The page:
Trophy Wife has delivered not only one of the year’s great EPs, but ‘Voyeur’ firmly cements 22-year old McKenzie Iazzetta as an artist to watch for years to come.

Only a few seconds are needed to realize that Trophy Wife‘s third EP, Voyeur, is going to be an unforgettable ride. It’s not the sobering, delayed guitar and methodical bass drum that open the record’s first track, “Ask Me Anything”. Nor is it how the song opens up and becomes, at first, a melodic dream before giving way to a gritty and eruptive climax. Rather, project mastermind McKenzie Iazzetta’s words signal that the mini-album will not tread in safe, predictable places. Through the initial lush layers, she emotionally sings, “Will you come and ask how I am, so I can lie to you? / When I bury my stomach underneath the floor boards, so I can settle my guilt.”

This sense of wanting to be heard also runs both ways. “I know that you would rather deal with yourself than talk to me, than talk to me, about anything”, Iazzetta pleads to her friend just before the song soars, as a wave of reverb-drenched guitars cascades around her. And the emotional roller coaster has left the station, but it has hardly reached its peak.

For another four songs, the project of Connecticut-born, Brooklyn-based Iazzetta astounds. On “Linoleum”, Trophy Wife’s sound is even bolder. Reminiscent of Epic-era Sharon Van Etten, the track kicks off with an explosion of guitar and drums, which is subdued by Iazzetta’s tranquil voice. The quieter moments on “Linoleum” are stunning, but there’s a constant reminder that at any moment the wall of guitar and drums can break through at any moment. Guitar gets just a bit louder, but then Iazzetta’s voice overpowers the distortion. She is breaking through the noise to seek the truth from her partner. “You keep your words in your stomach,” she emphatically states. Then later she wonders out loud, “Do you ever think about me?”, although she knows the answer.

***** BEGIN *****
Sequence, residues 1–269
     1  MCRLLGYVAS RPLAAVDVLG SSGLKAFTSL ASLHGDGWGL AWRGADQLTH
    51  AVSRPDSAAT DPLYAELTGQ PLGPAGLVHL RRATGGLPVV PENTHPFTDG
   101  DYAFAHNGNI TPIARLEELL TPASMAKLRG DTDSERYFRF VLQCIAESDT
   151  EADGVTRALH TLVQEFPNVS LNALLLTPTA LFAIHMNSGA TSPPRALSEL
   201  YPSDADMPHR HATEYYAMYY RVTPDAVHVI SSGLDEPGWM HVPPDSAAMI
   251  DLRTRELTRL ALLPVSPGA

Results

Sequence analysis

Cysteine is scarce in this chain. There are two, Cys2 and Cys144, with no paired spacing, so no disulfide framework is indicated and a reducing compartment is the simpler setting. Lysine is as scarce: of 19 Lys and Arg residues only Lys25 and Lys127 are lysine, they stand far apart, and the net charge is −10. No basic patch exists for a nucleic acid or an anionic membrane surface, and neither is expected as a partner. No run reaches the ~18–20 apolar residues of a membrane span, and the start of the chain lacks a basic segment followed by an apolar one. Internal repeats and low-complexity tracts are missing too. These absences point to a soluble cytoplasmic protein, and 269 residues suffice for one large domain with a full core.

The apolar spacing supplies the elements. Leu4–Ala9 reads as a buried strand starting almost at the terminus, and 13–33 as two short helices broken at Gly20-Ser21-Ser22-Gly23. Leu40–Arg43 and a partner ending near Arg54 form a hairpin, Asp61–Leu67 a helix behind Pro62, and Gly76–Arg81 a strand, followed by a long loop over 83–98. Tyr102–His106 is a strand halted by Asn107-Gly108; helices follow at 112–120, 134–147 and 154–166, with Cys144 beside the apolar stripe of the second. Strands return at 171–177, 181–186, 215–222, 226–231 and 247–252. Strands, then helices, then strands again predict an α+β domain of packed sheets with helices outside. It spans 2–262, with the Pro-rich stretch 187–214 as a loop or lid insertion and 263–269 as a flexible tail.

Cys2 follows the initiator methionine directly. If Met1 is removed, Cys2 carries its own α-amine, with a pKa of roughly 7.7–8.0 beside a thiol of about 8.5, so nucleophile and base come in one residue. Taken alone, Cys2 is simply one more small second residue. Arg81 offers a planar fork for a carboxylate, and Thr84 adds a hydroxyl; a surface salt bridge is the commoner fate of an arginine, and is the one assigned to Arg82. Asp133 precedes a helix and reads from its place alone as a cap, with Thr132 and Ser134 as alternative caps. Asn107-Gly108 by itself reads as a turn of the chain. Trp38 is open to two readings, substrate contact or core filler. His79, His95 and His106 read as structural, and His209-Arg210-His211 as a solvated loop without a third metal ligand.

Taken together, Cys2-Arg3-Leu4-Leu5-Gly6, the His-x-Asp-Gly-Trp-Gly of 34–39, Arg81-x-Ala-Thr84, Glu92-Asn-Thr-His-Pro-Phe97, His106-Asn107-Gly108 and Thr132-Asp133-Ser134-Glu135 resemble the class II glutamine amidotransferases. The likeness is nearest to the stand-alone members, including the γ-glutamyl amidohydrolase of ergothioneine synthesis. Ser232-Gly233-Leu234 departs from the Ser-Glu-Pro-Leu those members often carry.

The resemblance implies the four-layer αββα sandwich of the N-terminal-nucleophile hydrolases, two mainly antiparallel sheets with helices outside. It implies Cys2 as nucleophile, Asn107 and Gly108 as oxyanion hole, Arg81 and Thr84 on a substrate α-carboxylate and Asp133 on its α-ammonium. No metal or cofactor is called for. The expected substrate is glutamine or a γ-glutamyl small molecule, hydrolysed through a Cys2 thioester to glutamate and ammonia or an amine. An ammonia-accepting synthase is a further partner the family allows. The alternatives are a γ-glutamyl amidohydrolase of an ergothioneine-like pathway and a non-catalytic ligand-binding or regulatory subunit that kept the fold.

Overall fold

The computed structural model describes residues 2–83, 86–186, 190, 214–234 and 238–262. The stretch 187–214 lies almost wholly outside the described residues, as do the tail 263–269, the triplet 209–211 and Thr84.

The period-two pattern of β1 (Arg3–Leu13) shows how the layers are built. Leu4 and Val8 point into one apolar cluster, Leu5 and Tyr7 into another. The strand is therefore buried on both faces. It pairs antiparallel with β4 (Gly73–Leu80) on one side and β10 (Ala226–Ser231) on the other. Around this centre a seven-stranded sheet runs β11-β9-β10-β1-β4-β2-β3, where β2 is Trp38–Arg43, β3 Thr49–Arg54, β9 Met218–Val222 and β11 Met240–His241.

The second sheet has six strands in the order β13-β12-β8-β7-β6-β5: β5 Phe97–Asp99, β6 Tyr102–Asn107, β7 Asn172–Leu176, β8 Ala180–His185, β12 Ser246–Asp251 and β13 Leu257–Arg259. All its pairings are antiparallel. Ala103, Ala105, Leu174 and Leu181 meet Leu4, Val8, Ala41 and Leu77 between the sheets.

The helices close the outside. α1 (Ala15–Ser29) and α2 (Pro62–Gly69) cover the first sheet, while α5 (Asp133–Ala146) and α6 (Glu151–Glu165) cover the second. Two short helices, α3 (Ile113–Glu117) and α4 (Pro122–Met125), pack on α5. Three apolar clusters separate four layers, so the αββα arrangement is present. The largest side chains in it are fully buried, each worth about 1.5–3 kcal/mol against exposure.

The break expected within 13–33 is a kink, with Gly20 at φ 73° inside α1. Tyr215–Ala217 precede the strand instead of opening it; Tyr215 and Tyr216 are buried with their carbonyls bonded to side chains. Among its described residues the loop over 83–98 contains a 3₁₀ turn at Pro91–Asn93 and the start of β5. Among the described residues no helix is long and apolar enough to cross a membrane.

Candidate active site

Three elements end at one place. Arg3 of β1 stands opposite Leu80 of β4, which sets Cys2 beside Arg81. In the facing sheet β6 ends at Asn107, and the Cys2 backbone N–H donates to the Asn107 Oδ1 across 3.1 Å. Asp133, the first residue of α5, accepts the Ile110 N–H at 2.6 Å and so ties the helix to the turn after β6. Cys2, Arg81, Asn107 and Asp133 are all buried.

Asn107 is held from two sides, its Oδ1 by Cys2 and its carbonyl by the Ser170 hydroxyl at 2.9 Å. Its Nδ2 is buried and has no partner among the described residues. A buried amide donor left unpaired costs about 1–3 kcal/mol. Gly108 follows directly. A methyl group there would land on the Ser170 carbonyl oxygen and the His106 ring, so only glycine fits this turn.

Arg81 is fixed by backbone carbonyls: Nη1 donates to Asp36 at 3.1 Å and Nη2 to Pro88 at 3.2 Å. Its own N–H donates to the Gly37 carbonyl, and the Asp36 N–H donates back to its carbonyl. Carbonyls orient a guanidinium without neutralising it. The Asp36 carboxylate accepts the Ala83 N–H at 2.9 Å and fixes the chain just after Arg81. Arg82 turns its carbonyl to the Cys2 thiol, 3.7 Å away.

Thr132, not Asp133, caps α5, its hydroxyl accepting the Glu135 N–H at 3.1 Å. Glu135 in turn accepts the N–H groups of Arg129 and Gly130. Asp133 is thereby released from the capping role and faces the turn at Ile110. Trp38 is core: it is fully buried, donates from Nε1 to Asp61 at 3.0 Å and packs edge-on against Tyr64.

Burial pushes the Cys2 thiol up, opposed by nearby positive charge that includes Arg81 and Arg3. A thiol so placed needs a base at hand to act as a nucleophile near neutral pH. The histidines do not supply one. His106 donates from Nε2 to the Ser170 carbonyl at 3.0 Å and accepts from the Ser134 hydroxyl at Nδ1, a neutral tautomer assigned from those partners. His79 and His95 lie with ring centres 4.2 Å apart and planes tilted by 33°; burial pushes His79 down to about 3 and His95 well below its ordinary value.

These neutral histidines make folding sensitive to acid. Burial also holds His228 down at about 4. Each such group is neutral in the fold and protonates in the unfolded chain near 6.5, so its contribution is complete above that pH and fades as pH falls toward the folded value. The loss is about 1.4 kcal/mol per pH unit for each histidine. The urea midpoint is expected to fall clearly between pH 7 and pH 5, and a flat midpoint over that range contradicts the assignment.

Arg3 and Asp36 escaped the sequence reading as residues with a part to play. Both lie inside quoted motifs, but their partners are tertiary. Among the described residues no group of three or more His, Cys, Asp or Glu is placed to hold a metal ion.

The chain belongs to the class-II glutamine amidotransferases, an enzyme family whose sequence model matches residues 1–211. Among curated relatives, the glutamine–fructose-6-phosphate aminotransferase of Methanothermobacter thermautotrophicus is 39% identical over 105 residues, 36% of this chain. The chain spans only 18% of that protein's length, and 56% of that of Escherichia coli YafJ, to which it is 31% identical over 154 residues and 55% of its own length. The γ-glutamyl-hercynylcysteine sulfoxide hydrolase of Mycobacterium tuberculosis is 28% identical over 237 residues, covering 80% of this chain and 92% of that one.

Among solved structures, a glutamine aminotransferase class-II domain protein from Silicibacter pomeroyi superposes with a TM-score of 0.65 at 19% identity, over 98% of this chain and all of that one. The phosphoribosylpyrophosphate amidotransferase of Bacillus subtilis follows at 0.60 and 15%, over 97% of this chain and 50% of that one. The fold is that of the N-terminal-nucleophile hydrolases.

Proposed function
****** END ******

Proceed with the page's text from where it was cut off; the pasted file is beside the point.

The ride descends on “Baby’s Breath”, as Iazzetta eases off the accelerator on this urgent yet dreamy number. As drums and a gauzy guitar methodically rumble, she further dives into this tale of two people going in separate directions – one refusing to grow up and the other wanting to go beyond the partying days. With defiance in her voice, Trophy Wife shares:

“Pushin’ thumbs in bruises
Keepin’ score who wins who loses
Then you said “That’s enough!
I’ll get my friends to leave and you can go inside.”
Sure know how to butter you up”

Upwards Iazzetta returns, heading to lush but gritty grounds on the sensational “Enough”. As the song teeters the boundaries of full-on indie-rock onslaught and rabbit hole-like dreaminess, Iazzetta’s emotive yet brittle voice makes it clear that this setting was not made from fond memories or euphoric moments. On the contrary, she recounts the events that have forever scarred her.

“Here comes another fright
Not quite enough to drink tonight
Tell me if I got this right the last time
Said lookin’ backward makes you tired

And you said, ‘You knew what this was cause I warned you.’
But I knew quite enough haven’t I told you”

While most rides end with an easy glide, Trophy Wife refuses to go out with a whimper. A throbbing bass accompanies Iazzetta’s whispery vocal. “Say it louder, think I’m misunderstood / I’m not starving, I just don’t feel very good,” she sings right at the start of this dark, Gothic-tinged number. Slowly, the intensity builds, as a lingering guitar and tapping percussion emerge. The song rises and rises, growing into a searing, explosive finale, at which point Iazzetta delivers a primal scream. Her yelling is not one of exhilaration or gleeful fright, but that of a young person who has had enough. Of a young person who wants clarity.

“Would you look me in my eyes
Just this time
And tell me it’s fine
Oh you know I’m right
So put your hands over my eyes
And let me drive
Just tell me it’s fine”

One thing is clear, Trophy Wife has delivered not only one of the year’s great EPs, but Voyeur makes the 22-year old singer-songwriter an artist to watch for years to come.

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